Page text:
Builder spending up in December, economy improving

Increased demand from buyers for new homes has generated, as the inventory of existing-homes for sale has shrunken greatly thanks to affordable conditions offered throughout much of 2012. This has also resulted in increased spending on construction, as highlighted in a recent report from the Commerce Department.

Increased demand from buyers for new homes has generated, as the inventory of existing-homes for sale has shrunken greatly thanks to affordable conditions offered throughout much of 2012. This has also resulted in increased spending on construction, as highlighted in a recent report from the Commerce Department.

According to the report, construction spending increased 0.9 percent to a $885 billion annual rate, marking the highest level seen since August 2009. To many economists' surprise, spending also jumped 0.1 percent from the previous month. Economists from Bloomberg expected a 0.7 percent increase while those surveyed by Dow Jones Newswires called for a 0.6 percent gain. 

On a year-over-year basis, construction spending jumped 9.2 percent, noted as the first year-over-year gain since before the start of the recession.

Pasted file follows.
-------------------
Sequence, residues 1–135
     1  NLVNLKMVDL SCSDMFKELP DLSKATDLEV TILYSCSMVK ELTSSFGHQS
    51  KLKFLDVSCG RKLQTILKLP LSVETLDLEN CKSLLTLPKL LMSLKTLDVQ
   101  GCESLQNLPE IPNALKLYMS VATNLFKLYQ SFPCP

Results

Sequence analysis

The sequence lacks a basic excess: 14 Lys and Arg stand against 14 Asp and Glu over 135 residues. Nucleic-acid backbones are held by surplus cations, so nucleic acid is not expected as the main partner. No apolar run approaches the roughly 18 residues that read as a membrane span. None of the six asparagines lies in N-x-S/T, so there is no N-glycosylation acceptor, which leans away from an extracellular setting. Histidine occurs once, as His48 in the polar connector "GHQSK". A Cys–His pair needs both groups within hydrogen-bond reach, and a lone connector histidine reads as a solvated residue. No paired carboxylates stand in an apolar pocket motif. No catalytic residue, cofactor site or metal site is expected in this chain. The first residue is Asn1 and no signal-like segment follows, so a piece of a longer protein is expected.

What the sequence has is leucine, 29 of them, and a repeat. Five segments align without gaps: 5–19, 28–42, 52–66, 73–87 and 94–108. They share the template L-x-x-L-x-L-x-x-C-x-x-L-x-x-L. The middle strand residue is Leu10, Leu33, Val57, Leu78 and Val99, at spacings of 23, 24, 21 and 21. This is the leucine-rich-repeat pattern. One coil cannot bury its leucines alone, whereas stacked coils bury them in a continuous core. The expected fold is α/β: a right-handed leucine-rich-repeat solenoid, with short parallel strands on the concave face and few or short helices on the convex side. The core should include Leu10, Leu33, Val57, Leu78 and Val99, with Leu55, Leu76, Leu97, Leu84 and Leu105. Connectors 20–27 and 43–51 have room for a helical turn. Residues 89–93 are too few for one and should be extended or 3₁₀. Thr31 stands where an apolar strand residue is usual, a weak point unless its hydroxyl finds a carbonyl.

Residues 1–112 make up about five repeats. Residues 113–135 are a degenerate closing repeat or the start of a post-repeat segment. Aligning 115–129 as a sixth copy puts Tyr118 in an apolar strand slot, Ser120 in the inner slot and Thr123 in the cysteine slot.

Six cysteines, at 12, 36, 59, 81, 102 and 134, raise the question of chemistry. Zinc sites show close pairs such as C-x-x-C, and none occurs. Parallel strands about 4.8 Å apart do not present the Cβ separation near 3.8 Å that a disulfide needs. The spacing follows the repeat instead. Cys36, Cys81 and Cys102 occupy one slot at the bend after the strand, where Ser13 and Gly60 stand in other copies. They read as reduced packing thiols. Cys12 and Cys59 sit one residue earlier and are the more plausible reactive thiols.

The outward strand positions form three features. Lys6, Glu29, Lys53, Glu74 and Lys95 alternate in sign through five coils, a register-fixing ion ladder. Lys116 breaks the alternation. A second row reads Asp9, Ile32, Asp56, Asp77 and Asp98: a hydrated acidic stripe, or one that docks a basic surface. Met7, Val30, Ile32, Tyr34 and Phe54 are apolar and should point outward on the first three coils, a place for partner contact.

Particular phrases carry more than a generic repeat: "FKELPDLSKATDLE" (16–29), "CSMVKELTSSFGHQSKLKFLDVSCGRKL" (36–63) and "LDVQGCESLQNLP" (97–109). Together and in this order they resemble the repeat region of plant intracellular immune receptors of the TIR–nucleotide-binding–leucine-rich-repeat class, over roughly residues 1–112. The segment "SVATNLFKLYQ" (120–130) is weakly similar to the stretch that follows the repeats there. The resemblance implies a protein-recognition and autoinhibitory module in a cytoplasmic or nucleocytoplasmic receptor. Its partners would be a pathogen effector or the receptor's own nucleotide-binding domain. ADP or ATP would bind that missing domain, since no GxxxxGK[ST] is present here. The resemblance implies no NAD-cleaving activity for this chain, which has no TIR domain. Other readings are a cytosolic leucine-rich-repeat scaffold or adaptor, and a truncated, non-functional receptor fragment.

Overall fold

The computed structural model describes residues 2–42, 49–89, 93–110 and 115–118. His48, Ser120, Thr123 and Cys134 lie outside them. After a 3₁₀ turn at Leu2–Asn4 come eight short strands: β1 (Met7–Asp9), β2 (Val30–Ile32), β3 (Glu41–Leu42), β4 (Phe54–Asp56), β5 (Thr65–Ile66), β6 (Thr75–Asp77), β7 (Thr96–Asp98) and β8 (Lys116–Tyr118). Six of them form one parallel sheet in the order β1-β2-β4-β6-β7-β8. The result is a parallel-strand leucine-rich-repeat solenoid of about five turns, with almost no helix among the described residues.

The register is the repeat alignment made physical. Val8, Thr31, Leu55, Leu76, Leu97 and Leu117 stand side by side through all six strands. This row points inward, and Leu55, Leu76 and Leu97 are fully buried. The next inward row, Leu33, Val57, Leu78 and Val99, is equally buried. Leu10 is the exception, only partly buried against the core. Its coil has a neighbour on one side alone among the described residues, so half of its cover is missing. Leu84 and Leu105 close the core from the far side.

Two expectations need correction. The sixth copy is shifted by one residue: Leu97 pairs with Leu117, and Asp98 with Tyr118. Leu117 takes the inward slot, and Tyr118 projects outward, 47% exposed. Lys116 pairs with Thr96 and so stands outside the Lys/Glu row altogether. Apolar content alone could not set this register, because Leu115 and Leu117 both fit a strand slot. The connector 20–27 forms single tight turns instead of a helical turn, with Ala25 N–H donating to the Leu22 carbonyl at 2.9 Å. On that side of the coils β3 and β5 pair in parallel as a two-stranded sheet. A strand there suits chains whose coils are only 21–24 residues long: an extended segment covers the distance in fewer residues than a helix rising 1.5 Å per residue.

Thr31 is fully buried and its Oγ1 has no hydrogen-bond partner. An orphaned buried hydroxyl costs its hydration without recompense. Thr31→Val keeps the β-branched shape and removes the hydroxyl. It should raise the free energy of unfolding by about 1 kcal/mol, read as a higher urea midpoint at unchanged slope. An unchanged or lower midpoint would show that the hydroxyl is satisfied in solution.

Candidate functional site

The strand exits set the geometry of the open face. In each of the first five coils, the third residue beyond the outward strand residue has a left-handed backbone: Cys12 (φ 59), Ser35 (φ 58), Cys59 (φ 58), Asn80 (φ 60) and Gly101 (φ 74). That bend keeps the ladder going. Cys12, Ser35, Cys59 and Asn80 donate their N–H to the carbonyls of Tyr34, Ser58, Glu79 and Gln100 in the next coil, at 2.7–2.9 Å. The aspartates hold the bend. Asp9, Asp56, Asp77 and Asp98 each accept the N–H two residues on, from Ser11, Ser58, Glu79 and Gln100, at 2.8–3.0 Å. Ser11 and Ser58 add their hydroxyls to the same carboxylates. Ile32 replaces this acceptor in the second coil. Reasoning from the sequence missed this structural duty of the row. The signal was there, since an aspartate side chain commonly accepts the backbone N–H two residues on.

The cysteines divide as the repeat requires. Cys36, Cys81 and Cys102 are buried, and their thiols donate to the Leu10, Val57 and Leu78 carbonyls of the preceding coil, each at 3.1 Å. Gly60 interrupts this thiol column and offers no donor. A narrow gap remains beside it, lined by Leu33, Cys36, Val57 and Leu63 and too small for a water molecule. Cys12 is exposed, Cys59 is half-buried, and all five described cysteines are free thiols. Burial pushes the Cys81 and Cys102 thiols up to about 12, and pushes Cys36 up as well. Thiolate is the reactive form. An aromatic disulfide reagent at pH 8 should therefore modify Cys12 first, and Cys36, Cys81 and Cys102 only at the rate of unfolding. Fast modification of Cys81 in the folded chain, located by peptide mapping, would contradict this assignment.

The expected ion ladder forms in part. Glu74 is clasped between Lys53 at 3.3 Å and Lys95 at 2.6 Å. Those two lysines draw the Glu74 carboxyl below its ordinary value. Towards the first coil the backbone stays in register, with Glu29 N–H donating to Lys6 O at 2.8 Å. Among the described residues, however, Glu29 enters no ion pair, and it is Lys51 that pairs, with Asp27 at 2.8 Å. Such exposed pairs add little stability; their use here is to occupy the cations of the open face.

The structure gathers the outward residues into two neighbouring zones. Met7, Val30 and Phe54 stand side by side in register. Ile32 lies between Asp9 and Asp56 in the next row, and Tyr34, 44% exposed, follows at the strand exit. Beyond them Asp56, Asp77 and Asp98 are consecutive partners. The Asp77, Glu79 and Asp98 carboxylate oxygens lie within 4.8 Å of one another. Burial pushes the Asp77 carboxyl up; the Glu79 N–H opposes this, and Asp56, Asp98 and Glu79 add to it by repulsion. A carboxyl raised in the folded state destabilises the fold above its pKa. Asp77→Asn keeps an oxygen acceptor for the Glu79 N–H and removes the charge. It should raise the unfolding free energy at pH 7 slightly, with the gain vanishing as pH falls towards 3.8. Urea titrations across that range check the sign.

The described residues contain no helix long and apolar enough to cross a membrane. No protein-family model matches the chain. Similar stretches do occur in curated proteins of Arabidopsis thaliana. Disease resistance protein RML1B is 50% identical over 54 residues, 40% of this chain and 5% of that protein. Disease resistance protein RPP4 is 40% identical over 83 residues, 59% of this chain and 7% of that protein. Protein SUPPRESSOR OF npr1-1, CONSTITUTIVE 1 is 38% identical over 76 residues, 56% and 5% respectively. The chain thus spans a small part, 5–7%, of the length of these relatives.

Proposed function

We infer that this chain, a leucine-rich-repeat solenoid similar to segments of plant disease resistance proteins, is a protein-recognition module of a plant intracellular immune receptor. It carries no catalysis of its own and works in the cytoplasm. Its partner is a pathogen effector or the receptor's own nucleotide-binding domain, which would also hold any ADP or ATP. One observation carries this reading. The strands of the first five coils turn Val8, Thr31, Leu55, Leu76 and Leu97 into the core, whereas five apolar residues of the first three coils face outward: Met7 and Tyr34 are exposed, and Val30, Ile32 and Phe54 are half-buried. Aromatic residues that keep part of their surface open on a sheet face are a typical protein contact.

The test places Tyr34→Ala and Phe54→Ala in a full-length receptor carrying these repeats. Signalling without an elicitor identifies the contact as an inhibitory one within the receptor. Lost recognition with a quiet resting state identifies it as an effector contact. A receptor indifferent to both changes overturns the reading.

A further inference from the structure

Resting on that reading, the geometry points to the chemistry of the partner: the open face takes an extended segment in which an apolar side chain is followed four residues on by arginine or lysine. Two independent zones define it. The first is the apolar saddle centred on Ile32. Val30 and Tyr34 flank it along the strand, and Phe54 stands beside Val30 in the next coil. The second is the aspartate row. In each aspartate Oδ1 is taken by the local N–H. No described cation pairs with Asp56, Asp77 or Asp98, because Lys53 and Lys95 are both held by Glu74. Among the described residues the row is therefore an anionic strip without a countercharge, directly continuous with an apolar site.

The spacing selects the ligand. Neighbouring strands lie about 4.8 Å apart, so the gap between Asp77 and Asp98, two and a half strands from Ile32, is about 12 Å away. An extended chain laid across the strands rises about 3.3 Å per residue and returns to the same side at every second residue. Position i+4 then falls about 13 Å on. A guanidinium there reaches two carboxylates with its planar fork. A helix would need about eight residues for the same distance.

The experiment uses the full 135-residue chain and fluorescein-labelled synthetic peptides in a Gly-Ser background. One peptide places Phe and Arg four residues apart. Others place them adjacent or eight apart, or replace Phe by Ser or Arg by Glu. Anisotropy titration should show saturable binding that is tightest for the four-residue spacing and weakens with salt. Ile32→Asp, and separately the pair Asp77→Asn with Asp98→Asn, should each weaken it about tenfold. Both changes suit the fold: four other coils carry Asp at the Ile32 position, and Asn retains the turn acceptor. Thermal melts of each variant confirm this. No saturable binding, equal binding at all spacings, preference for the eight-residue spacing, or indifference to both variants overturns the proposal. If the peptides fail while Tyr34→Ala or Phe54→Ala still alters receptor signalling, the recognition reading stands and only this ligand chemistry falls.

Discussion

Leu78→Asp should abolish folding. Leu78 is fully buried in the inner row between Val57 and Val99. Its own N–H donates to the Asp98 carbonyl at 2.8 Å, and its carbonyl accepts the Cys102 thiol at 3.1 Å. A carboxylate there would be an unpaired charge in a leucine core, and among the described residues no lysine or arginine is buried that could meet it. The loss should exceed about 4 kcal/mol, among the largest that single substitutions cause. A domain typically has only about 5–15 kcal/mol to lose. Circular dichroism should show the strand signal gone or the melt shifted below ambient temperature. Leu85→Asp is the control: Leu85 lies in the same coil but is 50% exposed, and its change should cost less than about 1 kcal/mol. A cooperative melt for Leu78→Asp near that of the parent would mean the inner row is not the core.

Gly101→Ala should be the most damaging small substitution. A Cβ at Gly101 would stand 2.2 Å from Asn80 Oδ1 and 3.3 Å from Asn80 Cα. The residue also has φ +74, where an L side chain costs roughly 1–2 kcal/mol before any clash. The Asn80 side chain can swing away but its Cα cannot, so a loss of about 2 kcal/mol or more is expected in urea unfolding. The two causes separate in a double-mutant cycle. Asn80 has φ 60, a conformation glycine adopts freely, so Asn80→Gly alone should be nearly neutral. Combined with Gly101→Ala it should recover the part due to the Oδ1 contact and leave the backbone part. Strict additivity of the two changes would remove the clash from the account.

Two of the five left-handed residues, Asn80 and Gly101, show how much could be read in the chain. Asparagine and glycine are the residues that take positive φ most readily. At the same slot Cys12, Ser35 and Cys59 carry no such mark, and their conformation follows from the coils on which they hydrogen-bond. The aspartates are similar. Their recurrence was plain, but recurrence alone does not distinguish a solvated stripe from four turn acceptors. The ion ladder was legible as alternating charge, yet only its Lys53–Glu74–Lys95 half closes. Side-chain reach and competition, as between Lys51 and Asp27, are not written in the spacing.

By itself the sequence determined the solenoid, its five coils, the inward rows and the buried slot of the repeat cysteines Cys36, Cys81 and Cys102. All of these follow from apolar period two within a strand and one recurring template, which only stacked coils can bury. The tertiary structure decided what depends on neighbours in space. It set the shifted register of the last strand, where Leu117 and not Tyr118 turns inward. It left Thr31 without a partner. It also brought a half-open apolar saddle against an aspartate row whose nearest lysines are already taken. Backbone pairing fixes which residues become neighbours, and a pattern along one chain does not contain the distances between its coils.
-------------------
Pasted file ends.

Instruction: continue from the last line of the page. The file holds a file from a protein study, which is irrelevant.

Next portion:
When looking at private residential construction, spending increased 2.2 percent in December reaching $308.15 billion in the final month of the year. Money spent on private home-building went up 16.8 percent for all of 2012, a significant improvement from the 0.8 percent drop in spending seen in 2011.

"When we see volumes pick up, that makes homebuilders feel more comfortable about going out and creating new houses because they feel like the market's starting to pick up," Andres Garcia Amaya, a market strategist at JPMorgan Investment Management told Bloomberg. "There's just not enough houses out there for people to buy."

In addition, public construction spending dropped according to the real estate records, slipping 1.4 percent to $270.1 billion in December. The Commerce Department said this was the lowest level since 2006, despite being lowest spending amount since 2006.

Increased spending paired with affordability by low mortgage rates has helped enable more Americans to afford new construction with looking to make the investment and become homeowners. The increase in sales also helped boost home prices which should be interpreted as positive growth, as rising prices and activity mean the market is becoming more healthy.

Improving factors also provide consumers with more confidence, though many economists expected a dip in interests after many prospective buyers witnessed the housing market slump. When buyers, sellers and homebuilders are more optimistic about the housing market and the overall economy, sales tend to rise while spending also moves forward.

 



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